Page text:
Gluten is a thick protein produced in the grain of wheat, barley or rye as a storage medium for their seeds. Humans have been enamoured of these three cereals for thousands for years. The first high gluten food was, of course, bread: around 85% of all the vegetable protein in bread is provided by gluten.
Eventually, however, people realised that grain was a very versatile substance that could be made into other foods. If you grind grain into flour and pour in water, you end up with dough, from which you can make all sorts of other temptingly chewy delicacies like pasta, pies and cakes. Meanwhile, others figured out how to brew beer from wheat and barley.
As we arrived at the 20th century came the invention of processed foods. Manufacturers of these supermarket staples realised that the addition of gluten flour could add thickness, texture and elasticity to all sorts of foods. Nowadays you will find gluten in:
- Salad dressing
- Some beers and ales
- Sauces and gravy
- Breakfast cereals
- Sausages and hot dogs
- Vegetarian meats
- Ice cream and flavoured yoghurt
- Canned fruits
- Canned soups
…and that’s only a selection.
What is gluten intolerance?
‘So what?’ you may be thinking. The problem with gluten is that some people struggle to digest it.
Gluten intolerance is surprisingly common. More than 12% of the population will experience this at some point in their lives. For a variety of reasons, the bodies of people who develop this condition do not break down gluten well and this can trigger some unpleasant symptoms.
Although fundamentally a digestive disorder, gluten intolerance can involve the immune system. If the person continues to consume gluten in spite of experiencing uncomfortable reactions (see below for more on those), junctions within their stomach and intestines may be loosened, allowing molecules of food to escape the gut and attract the attention of a type of antibody called immunoglobulin G4, or IgG4. This condition is known as ‘intestinal permeability’ or ‘leaky gut syndrome’. It may sound alarming but this is a completely reversible condition.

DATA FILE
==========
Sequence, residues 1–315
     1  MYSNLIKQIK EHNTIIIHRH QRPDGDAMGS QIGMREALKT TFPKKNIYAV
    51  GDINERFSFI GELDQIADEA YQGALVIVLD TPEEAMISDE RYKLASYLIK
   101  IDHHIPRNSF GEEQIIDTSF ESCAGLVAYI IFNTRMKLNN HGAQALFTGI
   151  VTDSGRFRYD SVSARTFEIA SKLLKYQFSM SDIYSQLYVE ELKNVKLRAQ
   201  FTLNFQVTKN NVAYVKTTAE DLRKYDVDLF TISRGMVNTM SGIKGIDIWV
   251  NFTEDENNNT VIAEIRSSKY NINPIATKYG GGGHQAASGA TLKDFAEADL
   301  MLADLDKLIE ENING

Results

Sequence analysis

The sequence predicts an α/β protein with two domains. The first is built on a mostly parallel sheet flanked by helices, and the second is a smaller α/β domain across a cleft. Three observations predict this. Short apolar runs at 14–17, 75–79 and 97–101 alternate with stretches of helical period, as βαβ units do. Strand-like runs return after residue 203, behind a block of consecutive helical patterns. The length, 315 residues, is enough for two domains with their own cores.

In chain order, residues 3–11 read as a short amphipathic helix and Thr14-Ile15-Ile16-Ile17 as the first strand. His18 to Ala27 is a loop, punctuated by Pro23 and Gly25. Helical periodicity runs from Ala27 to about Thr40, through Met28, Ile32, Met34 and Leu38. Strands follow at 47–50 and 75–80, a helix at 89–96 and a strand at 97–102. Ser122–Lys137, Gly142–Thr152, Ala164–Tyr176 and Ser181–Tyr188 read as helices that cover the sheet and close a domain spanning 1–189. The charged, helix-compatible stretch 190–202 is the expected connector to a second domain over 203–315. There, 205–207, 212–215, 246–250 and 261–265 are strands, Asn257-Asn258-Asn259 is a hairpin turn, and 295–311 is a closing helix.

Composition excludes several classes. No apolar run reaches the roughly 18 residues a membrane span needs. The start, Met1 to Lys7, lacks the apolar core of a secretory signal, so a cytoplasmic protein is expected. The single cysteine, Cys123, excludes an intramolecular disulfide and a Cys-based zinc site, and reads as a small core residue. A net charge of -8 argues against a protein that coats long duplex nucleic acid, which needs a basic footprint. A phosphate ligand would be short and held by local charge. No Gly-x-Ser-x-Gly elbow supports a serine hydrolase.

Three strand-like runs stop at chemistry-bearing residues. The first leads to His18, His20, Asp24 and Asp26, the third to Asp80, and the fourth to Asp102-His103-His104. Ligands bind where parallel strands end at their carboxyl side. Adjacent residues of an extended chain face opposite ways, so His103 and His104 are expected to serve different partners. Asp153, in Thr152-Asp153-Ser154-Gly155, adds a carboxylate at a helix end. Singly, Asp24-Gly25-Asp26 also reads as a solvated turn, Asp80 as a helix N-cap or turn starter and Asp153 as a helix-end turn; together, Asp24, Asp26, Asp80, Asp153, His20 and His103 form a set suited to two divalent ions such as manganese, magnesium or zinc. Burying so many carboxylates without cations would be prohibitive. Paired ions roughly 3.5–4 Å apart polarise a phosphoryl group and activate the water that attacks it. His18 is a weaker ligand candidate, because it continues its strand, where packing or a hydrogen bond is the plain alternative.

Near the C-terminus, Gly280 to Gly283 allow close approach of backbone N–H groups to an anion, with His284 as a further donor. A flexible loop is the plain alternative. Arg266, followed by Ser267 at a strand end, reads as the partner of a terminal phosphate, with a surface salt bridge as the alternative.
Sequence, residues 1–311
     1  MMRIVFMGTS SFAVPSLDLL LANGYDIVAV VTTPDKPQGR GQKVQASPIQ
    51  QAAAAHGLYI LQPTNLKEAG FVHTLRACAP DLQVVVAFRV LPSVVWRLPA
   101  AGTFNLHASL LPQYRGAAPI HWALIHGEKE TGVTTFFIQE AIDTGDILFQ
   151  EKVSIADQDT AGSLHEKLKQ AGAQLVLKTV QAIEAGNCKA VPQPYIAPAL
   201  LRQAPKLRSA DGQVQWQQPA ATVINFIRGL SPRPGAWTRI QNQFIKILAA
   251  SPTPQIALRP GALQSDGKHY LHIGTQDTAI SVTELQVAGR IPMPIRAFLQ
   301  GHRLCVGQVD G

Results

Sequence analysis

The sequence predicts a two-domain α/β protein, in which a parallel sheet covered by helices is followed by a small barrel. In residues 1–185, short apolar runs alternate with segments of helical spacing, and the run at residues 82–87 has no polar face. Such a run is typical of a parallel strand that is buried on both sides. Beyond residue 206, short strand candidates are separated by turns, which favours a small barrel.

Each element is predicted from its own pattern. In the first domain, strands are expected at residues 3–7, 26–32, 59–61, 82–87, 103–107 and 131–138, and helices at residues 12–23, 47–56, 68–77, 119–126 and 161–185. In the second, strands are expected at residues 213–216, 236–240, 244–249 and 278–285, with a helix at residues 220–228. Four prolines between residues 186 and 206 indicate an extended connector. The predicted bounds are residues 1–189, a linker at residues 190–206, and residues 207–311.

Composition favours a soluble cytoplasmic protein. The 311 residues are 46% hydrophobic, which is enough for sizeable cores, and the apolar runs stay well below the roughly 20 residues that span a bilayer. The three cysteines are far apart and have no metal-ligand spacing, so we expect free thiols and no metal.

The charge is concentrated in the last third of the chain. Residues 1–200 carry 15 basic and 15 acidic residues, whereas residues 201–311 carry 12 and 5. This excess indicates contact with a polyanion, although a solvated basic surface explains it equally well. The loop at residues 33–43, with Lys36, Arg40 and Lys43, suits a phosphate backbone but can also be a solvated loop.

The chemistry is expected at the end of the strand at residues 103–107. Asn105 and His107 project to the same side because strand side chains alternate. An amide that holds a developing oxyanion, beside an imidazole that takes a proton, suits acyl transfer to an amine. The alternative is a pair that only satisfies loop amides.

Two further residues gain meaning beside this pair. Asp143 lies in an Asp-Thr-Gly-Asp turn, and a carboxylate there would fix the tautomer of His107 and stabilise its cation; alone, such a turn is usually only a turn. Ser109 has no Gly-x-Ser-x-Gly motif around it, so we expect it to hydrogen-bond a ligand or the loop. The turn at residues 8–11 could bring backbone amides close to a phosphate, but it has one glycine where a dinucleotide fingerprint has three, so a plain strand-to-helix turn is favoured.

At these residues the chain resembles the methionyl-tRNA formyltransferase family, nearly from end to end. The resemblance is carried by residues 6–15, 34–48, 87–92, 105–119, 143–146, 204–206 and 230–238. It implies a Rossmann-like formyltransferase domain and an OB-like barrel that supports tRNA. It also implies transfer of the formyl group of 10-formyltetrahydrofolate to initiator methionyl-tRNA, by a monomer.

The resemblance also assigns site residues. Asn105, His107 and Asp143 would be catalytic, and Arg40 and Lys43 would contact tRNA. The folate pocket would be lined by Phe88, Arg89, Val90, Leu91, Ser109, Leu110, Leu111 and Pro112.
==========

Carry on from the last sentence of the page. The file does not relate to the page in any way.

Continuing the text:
The terms ‘gluten sensitivity’ and ‘gluten intolerance’ are sometimes used interchangeably. More typically however, ‘gluten sensitivity’ is reserved for the milder kind – often referred to as ‘non-coelic gluten sensitivity’ – while ‘gluten intolerance’ usually refers to the more severe variety in which IgG4 antibodies intervene.
What are gluten allergies?
Although the terms are often used interchangeably, allergies are in fact a quite different form of reaction to intolerance. Allergies involve the immune system. If this becomes wrongly sensitised to harmless substances, it will respond to these as though they were germs or harmful microscopic organisms.
There is no true allergic reaction to gluten specifically, but wheat allergies are relatively common.
Coeliac disease has some similarities, but is in fact not a true allergy: instead it is an autoimmune disorder, in which the body attacks its own intestines. The condition is triggered by gluten, however: if people with coeliac disease eat food containing the problematic protein, they may experience such symptoms as chronic diarrhea and bloating. Long term, coeliac disease causes inflammation and damages the intestines, sometimes irreversibly. Although rare, coeliac disease is a serious medical condition that requires management with medication and management via a strict diet.